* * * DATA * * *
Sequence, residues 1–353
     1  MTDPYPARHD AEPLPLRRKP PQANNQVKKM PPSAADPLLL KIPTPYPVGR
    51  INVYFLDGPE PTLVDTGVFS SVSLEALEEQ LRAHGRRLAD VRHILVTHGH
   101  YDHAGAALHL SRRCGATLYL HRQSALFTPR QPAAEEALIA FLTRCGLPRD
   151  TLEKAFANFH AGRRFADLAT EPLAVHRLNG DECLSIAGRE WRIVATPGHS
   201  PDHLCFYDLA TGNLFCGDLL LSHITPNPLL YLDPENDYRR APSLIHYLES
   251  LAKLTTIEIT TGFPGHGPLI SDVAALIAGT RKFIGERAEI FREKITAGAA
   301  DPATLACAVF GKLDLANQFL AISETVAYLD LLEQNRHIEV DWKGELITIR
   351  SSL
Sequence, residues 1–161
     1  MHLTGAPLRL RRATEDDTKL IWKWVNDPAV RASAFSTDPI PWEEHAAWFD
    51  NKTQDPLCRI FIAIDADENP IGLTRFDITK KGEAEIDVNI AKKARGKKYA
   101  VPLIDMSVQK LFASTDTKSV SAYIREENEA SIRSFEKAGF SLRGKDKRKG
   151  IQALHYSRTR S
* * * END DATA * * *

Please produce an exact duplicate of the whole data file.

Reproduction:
Sequence, residues 1–353
     1  MTDPYPARHD AEPLPLRRKP PQANNQVKKM PPSAADPLLL KIPTPYPVGR
    51  INVYFLDGPE PTLVDTGVFS SVSLEALEEQ LRAHGRRLAD VRHILVTHGH
   101  YDHAGAALHL SRRCGATLYL HRQSALFTPR QPAAEEALIA FLTRCGLPRD
   151  TLEKAFANFH AGRRFADLAT EPLAVHRLNG DECLSIAGRE WRIVATPGHS
   201  PDHLCFYDLA TGNLFCGDLL LSHITPNPLL YLDPENDYRR APSLIHYLES
   251  LAKLTTIEIT TGFPGHGPLI SDVAALIAGT RKFIGERAEI FREKITAGAA
   301  DPATLACAVF GKLDLANQFL AISETVAYLD LLEQNRHIEV DWKGELITIR
   351  SSL
Sequence, residues 1–161
     1  MHLTGAPLRL RRATEDDTKL IWKWVNDPAV RASAFSTDPI PWEEHAAWFD
    51  NKTQDPLCRI FIAIDADENP IGLTRFDITK KGEAEIDVNI AKKARGKKYA
   101  VPLIDMSVQK LFASTDTKSV SAYIREENEA SIRSFEKAGF SLRGKDKRKG
   151  IQALHYSRTR S